Seeming to share a secret they struggled to keep to themselves, the incomparable and ever-fabulous Myrna Hague and the illustrious Jimmy James, seated side by side and holding hands, opened last Saturday’s concert at the Courtleigh auditorium. Organizers couldn’t have picked a better curtain-opening optic for a show dubbed Bring Back the Love.

Dressed in a flirtatious off-the-shoulder dress resplendent with ruffles from the waist, Hague was in total control of the stage – after all, it’s one she’s performed on many times – but knew when to nod gracefully at James.

Before performances, she regaled the audience with a fascinating story of when she first saw James perform. It was at the Hammersmith Palais in London during a concert she attended with her mother when she was 15.

“It was the first time we heard a Jamaican band…an all-black band, all the other bands we heard were from the United States…and they were so beautiful and they sang so well and it was a wonderful experience. I was just smitten and my friends and I formed a Vagabonds fan club and followed them everywhere,” the Jamaica Big Band and Jamaica Jazz-Mobile lead singer said, the memory evoking her signature girly laugh.

Mega-fan that she was, however, Hague never had the chance to meet James until decades later when they were both in Jamaica and first performed on the stage together. even on which they were sitting. Their bond saw them release a CD titled Love Songs: Myrna Hague and Jimmy James.

With songs like Since I met you baby and Sentimental journey, and still holding hands and smiling, the couple transported the audience to carefree and peaceful days of love. Sticking to the theme, Jimmy James, who has shared the stage with artists including the Beatles, Sony and Cher, Rod Stewart and Bobby Womack, sang a song he wrote, telling his love “before you leave, give yourself a minute”. In closing, he told the audience, “Love is the fulfillment of the law. Only love makes free.”

After delighting the packed house, Hague and James gave way to their “dear friend from Canada”, who, once on stage in his crystal-encrusted sneakers, as they say, the pleading is done. Charming, easy-going, moving and full of dance moves and lyrics, Jay Douglas gave a performance that sparkled, as did his sneakers and the collar and hem of his white shirt.

JA PASSIONATE

His showtime version saw him ‘skanking’ as he reeled off big tunes like Lou Rawls’ You’ll never find another love like mine with his equally big voice filling the entire auditorium. He took the time to put together the backing band, the Dezi Jones All Stars, and despite his decades-long residency in Canada, Jay Douglas proved to be very passionate about Jamaica and didn’t shy away from showing his proficiency in Jamaican patois. After chatting and laughing with the audience, Douglas, who made a name for himself from Hong Kong to the Mediterranean and shared the stage with legends such as Fats Domino, Percy Sledge, Melba Moore, Toots and the Maytals and Sly and Robbie, said, ‘Mek mi do bakra wuk’, and followed by favorites such as Members only, Signed, sealed, delivered, I’m yours and You are my wife.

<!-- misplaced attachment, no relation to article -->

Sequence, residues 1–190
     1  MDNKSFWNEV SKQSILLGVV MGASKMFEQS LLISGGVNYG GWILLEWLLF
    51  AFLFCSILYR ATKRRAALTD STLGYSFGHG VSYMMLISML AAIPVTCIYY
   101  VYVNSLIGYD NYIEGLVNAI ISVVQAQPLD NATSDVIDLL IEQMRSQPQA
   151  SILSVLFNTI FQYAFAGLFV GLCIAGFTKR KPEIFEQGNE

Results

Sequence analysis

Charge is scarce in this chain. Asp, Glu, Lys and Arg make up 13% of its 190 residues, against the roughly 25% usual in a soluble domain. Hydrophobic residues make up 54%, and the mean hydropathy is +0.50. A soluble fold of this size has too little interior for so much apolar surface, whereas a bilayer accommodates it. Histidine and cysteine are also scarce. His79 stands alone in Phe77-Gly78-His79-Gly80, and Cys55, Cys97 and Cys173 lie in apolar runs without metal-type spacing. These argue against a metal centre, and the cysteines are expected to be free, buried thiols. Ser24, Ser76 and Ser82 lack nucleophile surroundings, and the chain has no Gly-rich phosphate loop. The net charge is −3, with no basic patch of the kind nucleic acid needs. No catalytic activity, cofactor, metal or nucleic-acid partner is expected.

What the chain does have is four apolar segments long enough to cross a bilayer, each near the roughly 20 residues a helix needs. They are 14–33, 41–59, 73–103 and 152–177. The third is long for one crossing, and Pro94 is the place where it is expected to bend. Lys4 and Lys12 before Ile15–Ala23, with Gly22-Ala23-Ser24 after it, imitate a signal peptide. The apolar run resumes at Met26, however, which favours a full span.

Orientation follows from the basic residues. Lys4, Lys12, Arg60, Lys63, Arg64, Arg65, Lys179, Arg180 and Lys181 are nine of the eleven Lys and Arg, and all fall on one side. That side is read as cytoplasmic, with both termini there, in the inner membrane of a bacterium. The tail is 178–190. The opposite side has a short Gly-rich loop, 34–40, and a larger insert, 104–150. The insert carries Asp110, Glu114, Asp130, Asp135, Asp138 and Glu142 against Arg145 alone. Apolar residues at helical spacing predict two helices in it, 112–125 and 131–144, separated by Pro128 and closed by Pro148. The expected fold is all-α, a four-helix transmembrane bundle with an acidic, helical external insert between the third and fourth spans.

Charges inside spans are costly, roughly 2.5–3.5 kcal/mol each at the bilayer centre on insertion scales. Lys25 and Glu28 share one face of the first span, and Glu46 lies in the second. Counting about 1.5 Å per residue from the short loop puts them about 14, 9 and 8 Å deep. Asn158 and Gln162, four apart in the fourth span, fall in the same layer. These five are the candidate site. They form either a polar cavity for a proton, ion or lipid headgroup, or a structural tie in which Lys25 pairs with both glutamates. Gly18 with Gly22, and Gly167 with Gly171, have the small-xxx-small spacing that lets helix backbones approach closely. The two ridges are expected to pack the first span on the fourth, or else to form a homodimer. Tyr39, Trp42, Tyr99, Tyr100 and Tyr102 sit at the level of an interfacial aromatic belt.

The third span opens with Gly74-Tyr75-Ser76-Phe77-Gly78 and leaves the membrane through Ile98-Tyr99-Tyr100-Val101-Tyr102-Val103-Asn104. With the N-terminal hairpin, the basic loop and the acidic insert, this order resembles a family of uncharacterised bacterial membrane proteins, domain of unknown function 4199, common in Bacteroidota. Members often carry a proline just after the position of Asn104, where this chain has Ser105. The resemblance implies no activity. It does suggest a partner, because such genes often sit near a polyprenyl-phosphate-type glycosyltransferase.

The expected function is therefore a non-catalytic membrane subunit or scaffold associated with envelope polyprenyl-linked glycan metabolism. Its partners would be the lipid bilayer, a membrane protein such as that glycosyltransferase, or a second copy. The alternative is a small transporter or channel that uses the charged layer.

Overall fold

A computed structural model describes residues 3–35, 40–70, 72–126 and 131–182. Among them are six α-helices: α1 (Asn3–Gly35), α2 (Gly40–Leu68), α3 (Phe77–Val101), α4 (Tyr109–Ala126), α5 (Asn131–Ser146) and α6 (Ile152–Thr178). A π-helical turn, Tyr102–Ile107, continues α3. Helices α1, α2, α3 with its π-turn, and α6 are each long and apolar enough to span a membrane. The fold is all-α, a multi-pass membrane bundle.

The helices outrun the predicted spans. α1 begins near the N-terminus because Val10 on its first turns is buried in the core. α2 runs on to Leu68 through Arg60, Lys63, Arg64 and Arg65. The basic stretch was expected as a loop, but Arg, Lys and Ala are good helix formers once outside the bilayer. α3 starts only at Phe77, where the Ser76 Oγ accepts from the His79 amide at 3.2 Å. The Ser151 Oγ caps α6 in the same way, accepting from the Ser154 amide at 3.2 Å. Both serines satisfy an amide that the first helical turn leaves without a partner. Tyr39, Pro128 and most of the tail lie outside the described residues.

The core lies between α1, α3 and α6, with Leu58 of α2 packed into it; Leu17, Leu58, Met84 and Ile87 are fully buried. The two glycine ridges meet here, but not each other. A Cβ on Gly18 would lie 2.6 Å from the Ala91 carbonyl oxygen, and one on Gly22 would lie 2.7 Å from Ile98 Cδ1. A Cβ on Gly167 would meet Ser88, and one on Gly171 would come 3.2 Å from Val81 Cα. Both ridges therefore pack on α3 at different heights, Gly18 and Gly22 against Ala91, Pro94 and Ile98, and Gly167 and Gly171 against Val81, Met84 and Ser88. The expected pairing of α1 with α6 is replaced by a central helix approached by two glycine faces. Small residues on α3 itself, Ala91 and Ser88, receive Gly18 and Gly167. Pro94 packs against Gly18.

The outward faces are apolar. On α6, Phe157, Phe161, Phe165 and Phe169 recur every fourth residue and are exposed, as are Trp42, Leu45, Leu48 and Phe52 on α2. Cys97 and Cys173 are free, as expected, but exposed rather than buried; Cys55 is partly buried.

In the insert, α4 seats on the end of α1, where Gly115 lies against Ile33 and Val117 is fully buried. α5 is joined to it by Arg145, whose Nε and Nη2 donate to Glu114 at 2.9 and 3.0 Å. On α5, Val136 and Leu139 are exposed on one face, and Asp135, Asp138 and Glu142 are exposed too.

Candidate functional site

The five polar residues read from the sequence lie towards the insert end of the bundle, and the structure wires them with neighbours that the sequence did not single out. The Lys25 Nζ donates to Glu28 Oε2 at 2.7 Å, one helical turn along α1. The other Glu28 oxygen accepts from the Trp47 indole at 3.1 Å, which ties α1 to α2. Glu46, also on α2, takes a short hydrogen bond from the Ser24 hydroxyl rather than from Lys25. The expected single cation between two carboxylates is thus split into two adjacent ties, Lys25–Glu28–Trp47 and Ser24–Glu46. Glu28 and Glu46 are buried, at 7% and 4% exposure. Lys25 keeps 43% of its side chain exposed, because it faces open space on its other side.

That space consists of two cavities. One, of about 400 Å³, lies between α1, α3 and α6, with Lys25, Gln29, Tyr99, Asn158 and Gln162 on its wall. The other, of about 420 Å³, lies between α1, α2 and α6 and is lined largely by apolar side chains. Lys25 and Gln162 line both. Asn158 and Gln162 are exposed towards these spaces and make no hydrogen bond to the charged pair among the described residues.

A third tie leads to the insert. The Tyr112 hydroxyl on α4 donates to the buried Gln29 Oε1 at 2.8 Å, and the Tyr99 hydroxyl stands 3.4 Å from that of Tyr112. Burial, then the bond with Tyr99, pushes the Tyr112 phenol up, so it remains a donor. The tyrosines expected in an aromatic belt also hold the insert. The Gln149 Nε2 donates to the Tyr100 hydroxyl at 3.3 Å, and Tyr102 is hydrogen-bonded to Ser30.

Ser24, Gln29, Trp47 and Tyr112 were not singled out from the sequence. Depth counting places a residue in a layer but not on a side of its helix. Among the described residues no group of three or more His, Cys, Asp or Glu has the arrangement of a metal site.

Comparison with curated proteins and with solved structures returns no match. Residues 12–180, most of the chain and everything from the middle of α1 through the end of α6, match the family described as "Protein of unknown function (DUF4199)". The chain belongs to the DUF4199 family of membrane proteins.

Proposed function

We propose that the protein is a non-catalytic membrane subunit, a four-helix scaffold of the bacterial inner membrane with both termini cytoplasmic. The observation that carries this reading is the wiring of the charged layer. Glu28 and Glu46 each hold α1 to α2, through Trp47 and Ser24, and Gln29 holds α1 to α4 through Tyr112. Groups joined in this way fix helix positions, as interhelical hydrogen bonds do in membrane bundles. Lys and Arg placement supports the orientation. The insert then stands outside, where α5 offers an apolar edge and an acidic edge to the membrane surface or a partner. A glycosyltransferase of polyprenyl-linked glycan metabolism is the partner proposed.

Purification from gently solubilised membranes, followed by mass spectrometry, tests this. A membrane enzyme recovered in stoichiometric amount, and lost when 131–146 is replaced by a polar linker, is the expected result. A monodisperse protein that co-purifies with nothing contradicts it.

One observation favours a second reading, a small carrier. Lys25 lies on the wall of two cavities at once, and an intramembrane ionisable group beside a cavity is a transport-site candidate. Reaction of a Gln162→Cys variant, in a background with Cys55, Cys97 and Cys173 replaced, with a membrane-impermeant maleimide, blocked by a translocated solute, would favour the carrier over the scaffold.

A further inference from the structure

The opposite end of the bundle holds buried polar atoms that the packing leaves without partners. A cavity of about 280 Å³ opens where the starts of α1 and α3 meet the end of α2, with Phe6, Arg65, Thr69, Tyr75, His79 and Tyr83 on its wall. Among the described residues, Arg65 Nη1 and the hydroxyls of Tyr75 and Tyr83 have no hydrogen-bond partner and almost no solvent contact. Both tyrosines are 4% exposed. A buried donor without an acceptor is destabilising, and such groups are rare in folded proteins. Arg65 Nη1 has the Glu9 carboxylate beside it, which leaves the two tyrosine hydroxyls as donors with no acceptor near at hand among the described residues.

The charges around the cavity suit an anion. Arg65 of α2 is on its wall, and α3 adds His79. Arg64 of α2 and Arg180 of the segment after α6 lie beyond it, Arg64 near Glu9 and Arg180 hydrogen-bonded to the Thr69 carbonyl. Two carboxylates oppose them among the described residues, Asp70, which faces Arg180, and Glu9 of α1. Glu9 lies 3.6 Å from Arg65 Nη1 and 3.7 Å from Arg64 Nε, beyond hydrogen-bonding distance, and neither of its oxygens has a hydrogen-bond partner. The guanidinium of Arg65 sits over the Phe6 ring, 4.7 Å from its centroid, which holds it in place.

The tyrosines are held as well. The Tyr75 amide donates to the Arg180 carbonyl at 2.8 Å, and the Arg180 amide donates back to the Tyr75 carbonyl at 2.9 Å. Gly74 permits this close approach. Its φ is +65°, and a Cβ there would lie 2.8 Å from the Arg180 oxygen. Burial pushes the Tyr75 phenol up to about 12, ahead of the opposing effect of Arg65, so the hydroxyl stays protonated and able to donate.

Talk with the gleaner after her performance, Douglas shared that her motto is: You’re only as good as your last performance.

“In the early years in Canada, the band I worked with was the Cougars and we had the opportunity to work with Cissy Houston – Whitney’s mother. She said, young man, when you get up there, be accountable to your audience…be smart…kick a**, and when you get offstage, come back to yourself. It was his way of saying ‘work’ to me, and it stuck with me ever since,” Douglas said.

Part 2 of Bring Back the Love featured Myrna Hague in concert with some favorites; Jimmy James in a moving solo performance; and the legend who turned 90 on Sunday, Ernie Ranglin.

With his guitar in hand, Ranglin, the guitar virtuoso who is highly respected for his unfathomable dexterity and range, gave a masterclass inside the auditorium. Ranglin, who recently played on two colorsa collaborative album with saxophonist extraordinaire, Dean Fraser, told the gleaner that he was “happy to be a part of something that Dean Fraser is doing and I just hope I can help take this project a little further”. The 12-track set was released by Tads Records and also features deejay Big Youth, on the track titled, From Ranglin.

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